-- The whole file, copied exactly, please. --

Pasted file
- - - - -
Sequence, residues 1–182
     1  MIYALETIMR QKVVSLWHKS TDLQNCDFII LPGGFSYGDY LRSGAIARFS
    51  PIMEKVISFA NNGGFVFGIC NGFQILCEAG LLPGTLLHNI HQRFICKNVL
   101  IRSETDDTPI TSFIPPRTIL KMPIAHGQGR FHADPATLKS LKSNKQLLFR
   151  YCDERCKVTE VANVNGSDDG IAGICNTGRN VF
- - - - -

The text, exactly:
Sequence, residues 1–182
     1  MIYALETIMR QKVVSLWHKS TDLQNCDFII LPGGFSYGDY LRSGAIARFS
    51  PIMEKVISFA NNGGFVFGIC NGFQILCEAG LLPGTLLHNI HQRFICKNVL
   101  IRSETDDTPI TSFIPPRTIL KMPIAHGQGR FHADPATLKS LKSNKQLLFR
   151  YCDERCKVTE VANVNGSDDG IAGICNTGRN VF